Yet another confirmation of the fact that we do indeed live in the Land of the Odd came this week with the announcement that Dr. Pepper, in response to perceived consumer demand and in celebration of its 125th anniversary, is now offering a throwback version of its popular soft drink, harking back to those wholesome good old days when a soft drink was little more than artificially flavored carbonated water that was loaded with sugar. This is following similar moves by Mountain Dew and Pepsi. It wasn’t that long ago when we were told that sugar was something we were supposed to avoid ingesting large quantities of, lest we invite the ravages of obesity and/or type II diabetes, both of which are on the rise in this country.
But sugar appears to be making a bit of a comeback as the self-proclaimed winner in the lesser of two evils competition with its new-kid-on-the–block archrival high fructose corn syrup (HFCS).
So what is the deal here? According to Marion Nestle, NYU professor of nutrition and author of Food Politics and What to Eat, “The public now puts HFCS in the same category as trans fats: poison (it’s not; it’s just sugars). Biochemically, it is about the same as table sugar (both have about the same amount of fructose and calories), but it is in everything and Americans eat a lot of it — nearly 60 pounds per capita in 2006.” The American Medical Association agrees that there is no difference between the two, although according to a recently published Princeton study, rats fed a diet rich in HFCS accumulated more belly fat and had higher levels of circulating triglycerides than their sugar-fed peers.
So, it appears that like a lot of other scientific questions upon which the allocation of billions of dollars of consumer spending depends, like tobacco or global warming, the public is likely to be subjected to a continual tennis match of claims and confusing counter-claims from scientific studies that will mostly be funded by one side or the other in this debate. Because as long as the issue is never finally settled, people will continue to spend on whichever option they prefer.
But maybe the real issue is not about health at all. Maybe the American people are starting to become aware of the government subsidized corporate takeover of our food system that was so well documented in the film Food Inc. Corn, it turns out, is the raw material, behind some 70% of the food that the typical American eats, much of it in the form of HFCS. This highly skewed arrangement produces lots of empty calories at lower prices, contributing to a rash of health problems particularly among low-income families who can afford little else, all due to a monumental manipulation of our food supply and the commodities market by a collaboration of industry executives, highly paid lobbyists and remarkably cooperative congressional representatives and other government officials who were often hand picked as a reward for their support of one candidate or another.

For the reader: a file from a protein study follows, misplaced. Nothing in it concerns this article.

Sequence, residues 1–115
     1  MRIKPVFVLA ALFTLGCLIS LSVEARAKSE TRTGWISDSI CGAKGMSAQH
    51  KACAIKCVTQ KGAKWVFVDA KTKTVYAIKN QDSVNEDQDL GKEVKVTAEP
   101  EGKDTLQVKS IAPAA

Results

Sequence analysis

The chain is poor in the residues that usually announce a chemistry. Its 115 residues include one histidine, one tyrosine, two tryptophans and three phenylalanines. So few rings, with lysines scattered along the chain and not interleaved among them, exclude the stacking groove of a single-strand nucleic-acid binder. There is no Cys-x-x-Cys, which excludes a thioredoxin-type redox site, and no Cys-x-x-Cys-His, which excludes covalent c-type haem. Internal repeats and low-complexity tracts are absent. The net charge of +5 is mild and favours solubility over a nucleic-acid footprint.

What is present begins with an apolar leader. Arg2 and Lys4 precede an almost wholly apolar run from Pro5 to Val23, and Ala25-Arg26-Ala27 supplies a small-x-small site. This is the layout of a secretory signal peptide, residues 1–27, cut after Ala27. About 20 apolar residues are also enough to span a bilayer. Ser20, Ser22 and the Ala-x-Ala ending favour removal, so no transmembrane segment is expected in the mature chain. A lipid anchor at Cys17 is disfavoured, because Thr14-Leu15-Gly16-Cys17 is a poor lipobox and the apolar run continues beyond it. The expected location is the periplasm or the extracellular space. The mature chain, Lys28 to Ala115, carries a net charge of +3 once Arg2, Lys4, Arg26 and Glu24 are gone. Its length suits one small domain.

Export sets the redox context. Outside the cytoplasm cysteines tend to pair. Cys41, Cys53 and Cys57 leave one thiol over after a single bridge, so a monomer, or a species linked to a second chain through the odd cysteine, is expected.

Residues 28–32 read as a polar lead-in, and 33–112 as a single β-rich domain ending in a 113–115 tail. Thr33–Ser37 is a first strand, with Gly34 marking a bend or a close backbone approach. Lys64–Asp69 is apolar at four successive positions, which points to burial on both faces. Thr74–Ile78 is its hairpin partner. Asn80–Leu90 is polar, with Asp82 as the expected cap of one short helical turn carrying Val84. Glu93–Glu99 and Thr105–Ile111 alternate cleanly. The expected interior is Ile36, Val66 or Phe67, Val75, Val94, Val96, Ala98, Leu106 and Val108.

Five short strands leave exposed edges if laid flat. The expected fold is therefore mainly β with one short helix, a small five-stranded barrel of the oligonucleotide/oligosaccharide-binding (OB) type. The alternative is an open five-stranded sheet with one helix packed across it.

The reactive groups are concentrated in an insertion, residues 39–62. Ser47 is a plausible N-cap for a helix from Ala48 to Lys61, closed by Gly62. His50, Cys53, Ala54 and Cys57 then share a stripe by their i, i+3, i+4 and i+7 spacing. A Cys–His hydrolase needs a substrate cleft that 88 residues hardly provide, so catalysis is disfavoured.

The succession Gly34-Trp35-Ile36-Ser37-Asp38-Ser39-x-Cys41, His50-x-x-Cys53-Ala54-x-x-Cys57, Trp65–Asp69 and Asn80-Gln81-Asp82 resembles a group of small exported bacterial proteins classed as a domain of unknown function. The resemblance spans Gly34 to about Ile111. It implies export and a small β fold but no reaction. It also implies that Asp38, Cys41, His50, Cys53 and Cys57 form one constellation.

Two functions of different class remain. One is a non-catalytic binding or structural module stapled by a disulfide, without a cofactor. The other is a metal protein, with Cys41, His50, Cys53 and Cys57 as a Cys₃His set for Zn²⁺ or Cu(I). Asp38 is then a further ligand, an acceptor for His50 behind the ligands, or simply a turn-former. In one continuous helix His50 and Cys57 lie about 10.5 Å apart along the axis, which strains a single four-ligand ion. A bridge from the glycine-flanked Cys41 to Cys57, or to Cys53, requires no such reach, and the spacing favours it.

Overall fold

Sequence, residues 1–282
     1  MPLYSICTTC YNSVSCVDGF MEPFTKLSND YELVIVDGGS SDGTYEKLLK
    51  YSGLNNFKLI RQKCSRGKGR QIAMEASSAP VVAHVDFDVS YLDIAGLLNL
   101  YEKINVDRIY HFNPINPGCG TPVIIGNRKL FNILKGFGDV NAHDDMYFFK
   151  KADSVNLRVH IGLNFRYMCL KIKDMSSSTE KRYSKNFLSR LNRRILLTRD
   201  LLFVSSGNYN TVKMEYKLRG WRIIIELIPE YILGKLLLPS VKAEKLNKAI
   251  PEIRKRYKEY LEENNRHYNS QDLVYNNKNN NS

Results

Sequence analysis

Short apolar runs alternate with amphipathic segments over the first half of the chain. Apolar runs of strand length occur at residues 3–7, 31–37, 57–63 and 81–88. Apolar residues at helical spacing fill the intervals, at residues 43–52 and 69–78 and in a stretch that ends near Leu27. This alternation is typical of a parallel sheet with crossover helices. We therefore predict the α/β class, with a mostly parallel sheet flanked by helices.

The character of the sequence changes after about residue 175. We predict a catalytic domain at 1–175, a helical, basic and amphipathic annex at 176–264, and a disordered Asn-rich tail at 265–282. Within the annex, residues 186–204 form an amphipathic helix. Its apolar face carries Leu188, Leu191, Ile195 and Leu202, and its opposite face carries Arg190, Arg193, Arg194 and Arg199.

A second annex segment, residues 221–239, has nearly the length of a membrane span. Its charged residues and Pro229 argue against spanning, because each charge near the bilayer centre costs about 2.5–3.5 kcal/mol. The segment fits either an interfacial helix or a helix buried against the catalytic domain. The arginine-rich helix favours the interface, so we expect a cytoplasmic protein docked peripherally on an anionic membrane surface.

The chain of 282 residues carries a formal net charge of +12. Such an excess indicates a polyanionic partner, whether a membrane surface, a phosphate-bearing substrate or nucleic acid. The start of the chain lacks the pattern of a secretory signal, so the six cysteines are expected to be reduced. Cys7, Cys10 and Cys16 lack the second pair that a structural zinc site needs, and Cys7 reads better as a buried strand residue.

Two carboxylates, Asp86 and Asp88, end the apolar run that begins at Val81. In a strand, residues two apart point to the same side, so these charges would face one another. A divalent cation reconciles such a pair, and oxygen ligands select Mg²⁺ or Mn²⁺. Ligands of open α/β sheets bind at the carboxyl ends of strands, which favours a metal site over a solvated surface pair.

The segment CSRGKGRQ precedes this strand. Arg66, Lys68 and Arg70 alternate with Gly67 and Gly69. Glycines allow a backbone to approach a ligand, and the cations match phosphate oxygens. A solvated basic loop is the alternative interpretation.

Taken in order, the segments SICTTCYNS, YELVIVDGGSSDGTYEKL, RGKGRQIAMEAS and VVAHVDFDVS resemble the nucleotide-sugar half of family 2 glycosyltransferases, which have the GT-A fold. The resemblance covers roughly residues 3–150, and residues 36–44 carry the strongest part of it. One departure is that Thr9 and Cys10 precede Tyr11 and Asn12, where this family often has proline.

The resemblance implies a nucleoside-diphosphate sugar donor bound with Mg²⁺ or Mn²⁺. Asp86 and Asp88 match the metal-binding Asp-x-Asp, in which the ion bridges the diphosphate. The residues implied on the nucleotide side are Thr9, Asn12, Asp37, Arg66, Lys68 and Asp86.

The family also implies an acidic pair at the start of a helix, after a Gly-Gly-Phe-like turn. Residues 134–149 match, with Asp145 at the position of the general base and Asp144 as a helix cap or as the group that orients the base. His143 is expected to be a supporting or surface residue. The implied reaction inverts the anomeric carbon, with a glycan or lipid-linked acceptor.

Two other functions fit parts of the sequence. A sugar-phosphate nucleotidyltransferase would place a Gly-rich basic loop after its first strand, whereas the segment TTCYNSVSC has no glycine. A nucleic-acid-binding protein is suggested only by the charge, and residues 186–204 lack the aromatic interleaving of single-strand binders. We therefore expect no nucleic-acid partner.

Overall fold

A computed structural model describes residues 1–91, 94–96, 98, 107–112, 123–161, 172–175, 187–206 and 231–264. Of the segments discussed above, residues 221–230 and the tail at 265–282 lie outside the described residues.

And in case you were wondering, this factory farm system is anything but sustainable. By some measures, a typical American meal travels some 1500 miles by the time it reaches your dinner table.
There seems to be a pattern here. Perhaps people are getting a bit fed up with a world that is being re-created by corporations in their own image filled with foods created in test tubes to improve profit margins and lifestyles designed to keep us dependent on expensive fossil fuels. More and more people are opting out of the mass market consumption machine, standing up and making choices that are best for themselves, their communities, and the planet by choosing to buy thoughtful, healthy, sustainable products that are locally produced.
Sugar or High Fructose Corn Syrup in my soda? I’ll just have water, thanks.
RP Siegel is co-author of the sustainability thriller Vapor Trails.
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